Case and point.

Venus at the Mirror

Click the image to open in full size.
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Old January 8th, 2017, 01:19 PM   #14

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I don't want to slit hairs, but even today it depends on the culture. In most of the West it is like you said, but in places like Morocco a women is worth the more camels the more place she takes up on a carpet. They still force feed their daughters for them to marry well.
Point well taken.
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Old January 8th, 2017, 02:36 PM   #15

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I agree with Cephus. It was the fashion in the "Northern School" to depict women not so much as pregnant but as fertile. In this sense fertile equals desirable. Rubens is rather well known for painting (well...to put it politely) fleshly women. In past centuries a corpulent gentleman symbolized wealth. These days thin and trim is in and a corpulent person represents an fast food devotee.
Agreed, but corpulent is not the same as looking pregnant.

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But the Virgin Mary isn't naked, so I guess it could just be a matter of padding.

Were there any comments made about Ruben's portrayal of the Holy Family in the OP painting?
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Old January 8th, 2017, 02:43 PM   #16

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Agreed, but corpulent is not the same as looking pregnant.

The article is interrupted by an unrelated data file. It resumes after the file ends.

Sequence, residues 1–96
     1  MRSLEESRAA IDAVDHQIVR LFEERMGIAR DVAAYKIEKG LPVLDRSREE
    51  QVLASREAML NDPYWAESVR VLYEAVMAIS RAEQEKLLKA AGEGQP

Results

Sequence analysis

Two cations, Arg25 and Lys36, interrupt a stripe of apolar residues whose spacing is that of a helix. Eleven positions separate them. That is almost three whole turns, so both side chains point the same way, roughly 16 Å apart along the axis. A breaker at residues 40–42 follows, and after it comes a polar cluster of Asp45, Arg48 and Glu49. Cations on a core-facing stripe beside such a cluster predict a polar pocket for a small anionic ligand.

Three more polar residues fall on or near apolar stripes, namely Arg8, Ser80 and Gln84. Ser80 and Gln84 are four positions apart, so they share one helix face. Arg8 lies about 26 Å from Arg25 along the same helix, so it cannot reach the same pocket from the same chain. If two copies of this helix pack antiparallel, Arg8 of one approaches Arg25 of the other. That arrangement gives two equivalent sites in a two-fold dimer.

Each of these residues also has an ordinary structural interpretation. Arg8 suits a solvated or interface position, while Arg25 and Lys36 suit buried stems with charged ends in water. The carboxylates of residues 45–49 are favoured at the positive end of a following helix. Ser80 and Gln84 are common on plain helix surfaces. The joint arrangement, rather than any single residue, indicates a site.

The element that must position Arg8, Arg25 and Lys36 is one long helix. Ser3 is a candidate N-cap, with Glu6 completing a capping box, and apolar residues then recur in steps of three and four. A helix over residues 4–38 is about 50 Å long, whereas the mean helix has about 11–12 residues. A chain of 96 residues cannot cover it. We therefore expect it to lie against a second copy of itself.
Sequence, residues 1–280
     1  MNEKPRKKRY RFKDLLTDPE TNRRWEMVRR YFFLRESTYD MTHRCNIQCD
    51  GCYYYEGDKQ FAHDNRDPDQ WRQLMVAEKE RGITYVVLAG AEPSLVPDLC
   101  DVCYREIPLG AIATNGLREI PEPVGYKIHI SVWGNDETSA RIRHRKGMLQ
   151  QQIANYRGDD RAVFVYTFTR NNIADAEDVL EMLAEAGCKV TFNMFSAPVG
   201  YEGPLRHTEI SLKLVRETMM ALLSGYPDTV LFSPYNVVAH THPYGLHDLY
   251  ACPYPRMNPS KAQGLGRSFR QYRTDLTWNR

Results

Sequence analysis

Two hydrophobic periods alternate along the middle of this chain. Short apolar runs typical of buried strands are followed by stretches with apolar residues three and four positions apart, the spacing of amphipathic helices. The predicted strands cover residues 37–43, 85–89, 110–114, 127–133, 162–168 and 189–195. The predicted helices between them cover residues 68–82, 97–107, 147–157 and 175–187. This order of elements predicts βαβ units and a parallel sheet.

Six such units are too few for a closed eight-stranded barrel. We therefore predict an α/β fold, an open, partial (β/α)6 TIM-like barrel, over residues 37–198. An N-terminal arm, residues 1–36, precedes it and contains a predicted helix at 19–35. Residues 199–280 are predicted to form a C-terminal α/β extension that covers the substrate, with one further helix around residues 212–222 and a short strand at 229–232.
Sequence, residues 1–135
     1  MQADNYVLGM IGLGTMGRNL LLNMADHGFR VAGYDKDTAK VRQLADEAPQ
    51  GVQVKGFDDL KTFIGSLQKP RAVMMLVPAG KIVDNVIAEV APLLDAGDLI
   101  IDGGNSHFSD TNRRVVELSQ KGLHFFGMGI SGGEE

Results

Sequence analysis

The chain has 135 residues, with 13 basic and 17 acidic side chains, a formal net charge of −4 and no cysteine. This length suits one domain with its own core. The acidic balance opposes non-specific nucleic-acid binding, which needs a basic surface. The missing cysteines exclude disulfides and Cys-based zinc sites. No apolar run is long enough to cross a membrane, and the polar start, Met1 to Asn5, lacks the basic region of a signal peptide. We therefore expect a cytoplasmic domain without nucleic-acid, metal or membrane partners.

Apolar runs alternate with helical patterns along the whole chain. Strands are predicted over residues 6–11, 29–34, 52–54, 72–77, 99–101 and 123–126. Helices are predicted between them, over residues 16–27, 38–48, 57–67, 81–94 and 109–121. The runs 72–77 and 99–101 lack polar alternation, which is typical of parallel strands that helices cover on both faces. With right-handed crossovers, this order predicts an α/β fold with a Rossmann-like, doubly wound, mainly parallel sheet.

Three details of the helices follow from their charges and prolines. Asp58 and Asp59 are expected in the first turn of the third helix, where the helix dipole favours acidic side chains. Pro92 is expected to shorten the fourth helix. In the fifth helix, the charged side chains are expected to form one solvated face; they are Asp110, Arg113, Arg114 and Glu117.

I hate to admit I have made the mistake of equating them.
By asking, "when are you due?" So it goes.
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Old January 8th, 2017, 03:18 PM   #17
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I hate to admit I have made the mistake of equating them.
By asking, "when are you due?" So it goes.
So have I.

OOPS.
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Old January 8th, 2017, 05:58 PM   #18
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It is interesting to note that in the 1696 Dissius auction in which 21 paintings by Vermeer were sold, the Woman Holding Balance was described as "A young lady weighing gold, in a box, by J. van der Meer of Delft, extraordinarily artful and vigorously painted." Since pregnancy was not portrayed in Dutch painting of the 17th century, it is odd that the catalogue's author would not have noted such an exceptional fact. Afterwards, no mention of the woman's pregnancy in relation to Vermeer's paintings can be found until 1971, despite the fact that the work can be traced in an almost unbroken line to this century.